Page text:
Working as a nanny or other type of caregiver can be unpredictable. The parents both work late one night and then they also need you on that weekend. In a blink, you have a 55-hour work week under your belt. What if your paycheck doesn't reflect the extra hours?
If you find you're working so many hours that you aren't even being paid minimum wage, there are laws in place to prevent that. According to Stephanie Breedlove, head of Care.com HomePay, managed by Breedlove, the Fair Labor Standards Act was amended in 1974 to specifically include domestic workers. Nannies, senior care aides, housekeepers, tutors -- that's you! If you work in a home, you're entitled to minimum wage and overtime protections. Minimum wages differs by state, so make sure you know what the requirements are where you work. Check this website for minimum wages by state.
But how do you solve a paycheck issue with your employer without offending anyone? We understand how hard it is to speak up. A couple of approaches will make these tricky conversations easier. "You have to view what you are doing as a professional job and that comes first," says career coach Marilyn Edelson of OnTrack Coaching. "Being professional comes before everything else."
Here are four awkward money conversations and suggestions for solving them.
You're Working Longer Hours -- and Not Being Paid
Solution: Remember, you're not asking for anything more than you deserve. Start the discussion with your employer with this type of opener: "When I applied for this job, we talked about being paid $X for five days.But lately I've been working Y-hour days, without overtime. With the extra hours,my salary doesn't meet our state's minimum wage. Can we talk about renegotiating my salary or changing my hours?"
You're Driving the Kids -- and Need Money for Gas
Solution: If they say they only need you to do it for a week, you have the right to say no if it makes you uncomfortable, says Edelson. If they ask you to drive on a regular basis, you need to have a discussion about extra insurance coverage, gas and mileage. But if you don't want to use your car, then don't. Try saying, "I'm happy to drive the kids, but only in your vehicle. If anything happened, I would be liable."
For more information on this situation, read this article on How to Handle the Car Situation with Your Nanny »
You're Helping with Events -- Should You Get Paid?
Solution: Remember, you're a professional and your time is important. Let them know you expect to be paid more because you went over your normal 40-hour week. Bring up the event and the pay. You might say, "I'm glad I could help with the kids during the party on Saturday, but I noticed I wasn't paid overtime. Since that was beyond my normal week, I would like to clear this up."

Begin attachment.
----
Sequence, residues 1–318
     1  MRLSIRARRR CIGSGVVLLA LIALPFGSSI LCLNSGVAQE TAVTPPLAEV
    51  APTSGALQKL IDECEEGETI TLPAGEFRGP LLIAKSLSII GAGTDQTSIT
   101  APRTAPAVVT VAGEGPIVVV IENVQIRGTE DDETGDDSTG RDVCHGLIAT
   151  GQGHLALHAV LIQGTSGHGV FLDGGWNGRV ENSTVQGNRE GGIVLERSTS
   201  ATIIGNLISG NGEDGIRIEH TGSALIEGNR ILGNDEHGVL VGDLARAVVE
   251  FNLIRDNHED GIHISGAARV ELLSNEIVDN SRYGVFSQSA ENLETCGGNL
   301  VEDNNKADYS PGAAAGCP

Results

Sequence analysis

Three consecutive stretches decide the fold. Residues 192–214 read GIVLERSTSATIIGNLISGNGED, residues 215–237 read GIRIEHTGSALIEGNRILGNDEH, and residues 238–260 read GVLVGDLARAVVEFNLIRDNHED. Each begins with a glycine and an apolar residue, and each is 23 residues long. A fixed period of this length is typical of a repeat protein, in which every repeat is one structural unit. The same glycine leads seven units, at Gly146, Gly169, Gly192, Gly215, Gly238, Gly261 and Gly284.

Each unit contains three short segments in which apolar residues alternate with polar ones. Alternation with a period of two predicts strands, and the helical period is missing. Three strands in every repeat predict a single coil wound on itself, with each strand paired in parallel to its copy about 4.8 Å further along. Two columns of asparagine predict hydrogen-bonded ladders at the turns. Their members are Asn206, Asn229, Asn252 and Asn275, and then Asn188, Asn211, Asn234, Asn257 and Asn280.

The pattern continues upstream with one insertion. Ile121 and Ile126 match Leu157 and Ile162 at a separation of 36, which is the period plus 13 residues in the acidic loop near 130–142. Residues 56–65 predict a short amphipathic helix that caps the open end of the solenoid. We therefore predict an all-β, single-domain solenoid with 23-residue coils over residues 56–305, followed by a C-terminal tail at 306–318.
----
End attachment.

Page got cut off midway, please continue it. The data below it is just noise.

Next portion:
Note: If it's a child's birthday party, and you're invited as a guest, but you still help out (because you don't really fit in the bounce house), don't expect to be paid. You're being a helpful guest.
You're Working Unpredictable Hours -- Often at the Last Minute
Solution: Busy parents often have busy work schedules, which is exactly why they need a dependable nanny like you. But you wouldn't show up late without calling, and parents should extend the same professional courtesy to you. However, if these parents need a more flexible nanny, you might not be the right fit for them. Try making it work by saying, "I enjoy taking care of your children, but I've noticed the day ending an hour or two later than we originally discussed. I know unexpected delays can happen occasionally, but I need to know when you'll be late because sometimes I have other plans. I also need to be paid for this time."
There are a couple of steps you can take to head off any future problems. Whether you're starting a new job or already a year into one, draw up a contract that specifies your expected hours, salary, holidays, benefits and overtime stipulations, suggests Edelson. "It is a lot easier to deal with things up front, instead of after the fact," she says. It also may be helpful to check out our free Nanny Tax Calculator so you can show the family you work for exactly how much you should be paid in taxes.
In the end, don't be afraid to tell your employer when something isn't working. Hopefully, you have a good relationship where you both want to make the situation work for the family. Then start keeping good records of your hours, your mileage or whatever might be in question. Create time sheets and receipts for each week. When you're underpaid, bring it up. If you're inconvenienced by repeated late hours, tell them. If you're the right caregiver, your employer should want to pay you for the time you are devoting and eliminate any possible problems.
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